I would flash a broad compassionate smile and say – “If I would give 100% guarantee I would be God. I am only human. Ultimately it is HIS will; we can only try our best! You have tried your best by helping him, and I will try mine!” Over the years I have realized that this is the most honest, satisfactory and politically correct answer I can come up with. I think that in Indian culture, across all social classes, there is this deep rooted cultural belief and understanding that we cannot really control our lives. Medical science can help, but cannot work against our fate, our Karma and God’s wishes. What is important is that we try and rest is God’s wish. I feel that this stoic acceptance of eventual death probably also comes from deep rooted spiritual belief that human beings are more than their bodies and that the soul ultimately leaves and enters new life and new body. The soul changes bodies as we discard old clothes and wear new ones. This belief from religious scriptures has been echoed by thousands of saints and folklores in many languages across India. Many times, while i am discussing a grave prognosis and fatality to patient and their relatives talk, I have perceived spiritual undercurrents across different social classes, as they grapple with their reality.
So in this case of our blind lady we went ahead with a simple shunt surgery. I had to assure them about good chances of visual improvement not only for patient’s sake, but also to make them feel that their efforts for collecting this precious sum of money were worthwhile. The shunt operation went smoothly. Her headaches were relieved completely; she was more alert and had a good appetite and was discharged in a couple of days. Everything fitted in their budget. Now all they have to do is to wait for vision to improve. They were very happy. Honestly I was not very optimistic about her vision, and also we did not know the nature of the tumor and how fast it would continue to grow. I asked them to bring her back for follow up after 2 weeks.
Surgically shunt is a simple operation. But every neurosurgeon knows how complicated it can become over a period of time, if infection and mechanical dysfunction develop. It is one of the simplest neurosurgical operations taht can lead to recurrent headache for surgeons and patient alike. If complications set in can lead to multiple surgeries and multiple courses of very expensive antibiotics! With financial line already drawn by this patient’s relatives, I was bracing myself for the worse. At the time of discharge they were touching my feet and saying all nice and laudatory things about me. With all these gestures, a thought of complications was not very pleasant.
Trying to fit entire treatment package in a shoe-string budget is indeed very challenging. Usually in such cases one leaves medicines out of the hospital bills, asking them to buy it themselves from the pharmacy as needed. It is very stressful to balance economy and results. All those corners that you cut in surgical consumables increase more and more stress on your surgical skill, discipline and judgment.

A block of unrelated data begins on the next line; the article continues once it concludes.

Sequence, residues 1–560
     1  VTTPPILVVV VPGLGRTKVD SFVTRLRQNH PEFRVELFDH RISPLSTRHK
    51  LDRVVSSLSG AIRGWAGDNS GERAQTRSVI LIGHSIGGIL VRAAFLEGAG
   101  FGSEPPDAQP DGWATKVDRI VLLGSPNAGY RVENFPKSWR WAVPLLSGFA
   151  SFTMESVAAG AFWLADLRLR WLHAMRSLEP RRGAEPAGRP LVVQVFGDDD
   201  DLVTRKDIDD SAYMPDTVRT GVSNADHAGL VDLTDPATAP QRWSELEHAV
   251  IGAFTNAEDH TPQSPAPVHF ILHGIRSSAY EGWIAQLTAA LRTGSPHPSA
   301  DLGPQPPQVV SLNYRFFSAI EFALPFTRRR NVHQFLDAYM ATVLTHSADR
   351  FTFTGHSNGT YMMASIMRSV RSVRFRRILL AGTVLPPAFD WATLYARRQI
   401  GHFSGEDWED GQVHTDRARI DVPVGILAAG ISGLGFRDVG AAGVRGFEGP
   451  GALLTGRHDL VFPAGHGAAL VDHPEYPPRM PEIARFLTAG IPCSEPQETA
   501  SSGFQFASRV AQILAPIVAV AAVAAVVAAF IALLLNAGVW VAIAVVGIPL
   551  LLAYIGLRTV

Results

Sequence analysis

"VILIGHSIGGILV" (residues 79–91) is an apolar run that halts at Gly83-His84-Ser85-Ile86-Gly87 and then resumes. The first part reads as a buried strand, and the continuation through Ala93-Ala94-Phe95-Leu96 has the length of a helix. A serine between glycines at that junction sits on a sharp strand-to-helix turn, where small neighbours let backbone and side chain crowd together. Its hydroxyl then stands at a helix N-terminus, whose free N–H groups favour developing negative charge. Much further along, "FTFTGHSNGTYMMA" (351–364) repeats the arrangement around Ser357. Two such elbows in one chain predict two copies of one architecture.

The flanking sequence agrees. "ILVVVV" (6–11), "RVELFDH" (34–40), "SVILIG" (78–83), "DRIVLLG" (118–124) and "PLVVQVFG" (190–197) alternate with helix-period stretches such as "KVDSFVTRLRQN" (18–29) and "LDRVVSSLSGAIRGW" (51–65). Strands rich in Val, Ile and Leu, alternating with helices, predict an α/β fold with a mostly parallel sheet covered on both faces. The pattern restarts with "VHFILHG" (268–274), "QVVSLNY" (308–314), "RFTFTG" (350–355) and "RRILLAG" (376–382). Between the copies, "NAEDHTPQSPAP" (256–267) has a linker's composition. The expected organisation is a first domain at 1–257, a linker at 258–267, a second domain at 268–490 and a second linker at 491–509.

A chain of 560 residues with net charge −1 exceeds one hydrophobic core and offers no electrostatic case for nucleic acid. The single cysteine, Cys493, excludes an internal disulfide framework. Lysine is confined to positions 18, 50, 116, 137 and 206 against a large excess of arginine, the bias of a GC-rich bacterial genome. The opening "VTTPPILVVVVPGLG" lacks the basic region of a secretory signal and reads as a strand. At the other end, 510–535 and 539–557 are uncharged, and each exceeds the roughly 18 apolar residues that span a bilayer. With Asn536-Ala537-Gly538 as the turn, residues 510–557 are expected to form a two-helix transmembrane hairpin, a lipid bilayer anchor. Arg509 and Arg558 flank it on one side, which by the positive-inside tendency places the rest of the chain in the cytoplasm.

Fortunately all went well and patient returned after 2 weeks with smiling face. She said she could see now and indeed she could count fingers at 2 feet from her face. I told them to wait for some time before putting her to work and to do an MRI scan after 3 months. I was not sure how much they will heed my advice. Sure enough, I did not hear from them for quite some time and forgot all about it. Then she returned after 8-10 months, this time not with her sister but with her husband (!), all smiling. I had not talked to her last time, as she was in a drowsy state and it was her sister who did most of the talking. They happily burst into animated talk in their language which I did not understand. So I had to ask the nurse to translate. He was telling me with beaming smile that she could see everything in the house and now she cooks well. She was obviously happy, being back with her husband. As if I was not convinced she got up and peering out of the window behind my chair she described the scene she could see outdoors, also mentioning their colors. That was impressive. This time they had come with some money for MRI scan. Can I give some concession? Sure I can. So MRI scan was done, and tumor was of same size, and shunt was in place. Then suddenly he pulled out one more scan done nearly 2 years back in a government hospital. I had not seen this scan before. This showed the tumor to be of almost the same size. This was a good news, this indicated that it was probably a benign tumor with a very slow growth rate, or it could be a congenital tumor too ( present since birth). I told them that scan was nice and they were very happy. She could not stop smiling. I told them they have to come for follow up every year, to which they gladly agreed.